The Female Man

Joanna Russ
The Female Man Cover

Still Relevant and Powerful


If I taught SF literature in high school, I'd make this book mandatory reading, knowing my students would hate me for it. it's not an easy book by any means; its structure is complex and obfuscated on purpose, and its subject matter is uncomfortable and necessary. But really, this is why SF exists in the first place.

The book has been heralded as the quintessential feminist SF, and it saddens me to know that this automatically reduces its reach. It's true that the book is singularly concerned with subjects articulated by feminism, but I think it should be required reading for everyone of either gender. I wish I could go back in time and force fifteen year-old me to read this. And boy, is there a lot of piss and vinegar in this book. Sometimes the anger just radiates off the page. It's a visceral book of raw nerves and flayed skin. It's amazing.

The SF elements are more than merely allegorical. Ms. Russ spent a lot of energy building her woman-only utopia of Whileaway. The result is fascinating in its own right, and not entirely as one-sided as a feminist polemic would imply. Likewise, Alice's dystopia is fascinating SF in its own right, even as it serves as allegory for our world.

The novel, albeit short, is a difficult read, but I don't mean this in a bad way. The author obviously meant to confuse the reader with her narrators, and I quickly learned not to worry too much about figuring out what was going on. The book often swerves into pure polemical flights of fancy, and these packed quite a rhetorical and philosophical punch. It's gut-wrenching stuff for me as a man: a woman speaking directly to me, with no filter on her anger, her hopes, her hatred.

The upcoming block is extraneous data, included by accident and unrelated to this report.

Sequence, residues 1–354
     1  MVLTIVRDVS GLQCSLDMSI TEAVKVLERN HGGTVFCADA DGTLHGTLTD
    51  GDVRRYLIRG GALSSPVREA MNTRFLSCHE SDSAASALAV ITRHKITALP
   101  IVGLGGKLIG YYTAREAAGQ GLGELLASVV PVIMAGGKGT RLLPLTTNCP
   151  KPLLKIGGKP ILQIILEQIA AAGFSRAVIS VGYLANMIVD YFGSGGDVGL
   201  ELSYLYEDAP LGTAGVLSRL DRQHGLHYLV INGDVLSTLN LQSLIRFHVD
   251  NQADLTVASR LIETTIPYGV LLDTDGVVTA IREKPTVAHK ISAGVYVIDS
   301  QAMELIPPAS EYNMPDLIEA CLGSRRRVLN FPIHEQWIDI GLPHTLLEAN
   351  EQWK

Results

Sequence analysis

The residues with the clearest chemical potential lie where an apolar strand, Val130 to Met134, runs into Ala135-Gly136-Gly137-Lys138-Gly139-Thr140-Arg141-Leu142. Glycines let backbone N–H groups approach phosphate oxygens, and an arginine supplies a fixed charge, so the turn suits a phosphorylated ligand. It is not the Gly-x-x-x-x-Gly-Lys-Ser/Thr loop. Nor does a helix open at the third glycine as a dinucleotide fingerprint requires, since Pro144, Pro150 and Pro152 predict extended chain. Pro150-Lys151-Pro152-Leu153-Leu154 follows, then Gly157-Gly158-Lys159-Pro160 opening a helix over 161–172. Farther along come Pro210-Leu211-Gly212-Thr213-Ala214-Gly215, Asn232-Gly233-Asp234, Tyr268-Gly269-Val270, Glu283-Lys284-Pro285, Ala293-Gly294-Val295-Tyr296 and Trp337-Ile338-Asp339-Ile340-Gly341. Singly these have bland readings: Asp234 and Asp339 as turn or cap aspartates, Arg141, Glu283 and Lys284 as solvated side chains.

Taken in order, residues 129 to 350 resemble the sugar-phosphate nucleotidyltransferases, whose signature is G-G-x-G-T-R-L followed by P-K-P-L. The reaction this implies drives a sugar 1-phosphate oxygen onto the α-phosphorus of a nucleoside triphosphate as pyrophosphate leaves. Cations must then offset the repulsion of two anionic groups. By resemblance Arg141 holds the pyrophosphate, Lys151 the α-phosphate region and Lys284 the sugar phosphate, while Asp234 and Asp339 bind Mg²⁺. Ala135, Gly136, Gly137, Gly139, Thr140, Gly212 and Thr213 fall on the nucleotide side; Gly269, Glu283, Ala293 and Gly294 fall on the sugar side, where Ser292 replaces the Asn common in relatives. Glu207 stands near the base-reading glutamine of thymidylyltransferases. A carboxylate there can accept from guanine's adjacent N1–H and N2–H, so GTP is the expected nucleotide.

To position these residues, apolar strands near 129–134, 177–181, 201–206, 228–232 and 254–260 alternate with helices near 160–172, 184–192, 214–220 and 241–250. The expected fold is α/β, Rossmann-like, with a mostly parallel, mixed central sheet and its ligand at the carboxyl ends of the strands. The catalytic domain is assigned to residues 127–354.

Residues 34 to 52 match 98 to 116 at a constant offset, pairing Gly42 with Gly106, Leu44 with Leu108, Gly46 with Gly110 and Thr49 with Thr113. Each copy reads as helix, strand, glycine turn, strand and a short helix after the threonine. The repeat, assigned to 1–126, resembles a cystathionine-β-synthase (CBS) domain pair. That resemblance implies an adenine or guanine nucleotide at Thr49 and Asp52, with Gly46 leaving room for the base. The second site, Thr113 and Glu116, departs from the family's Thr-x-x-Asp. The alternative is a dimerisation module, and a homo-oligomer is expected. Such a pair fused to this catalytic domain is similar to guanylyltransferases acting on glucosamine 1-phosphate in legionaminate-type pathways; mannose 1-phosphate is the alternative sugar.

Some reviewers accuse this book of no longer being relevant, to which I can only laugh. We live in an era where female pornstars are conceived by the mainstream as feminist icons, where CNN eulogizes the career of teenage star athletes condemned for rape, and where male lawmakers still try their best to legislate vaginas. There is one aspect where I feel the book is dated, and it has to do with the scope of its feminism; there is no room here for a larger discussion on privilege that encompasses race, for instance. Also, the aspects of the novel dealing with transgenders are downright offensive. But even these elements do not ultimately take away from a powerful, socially relevant book.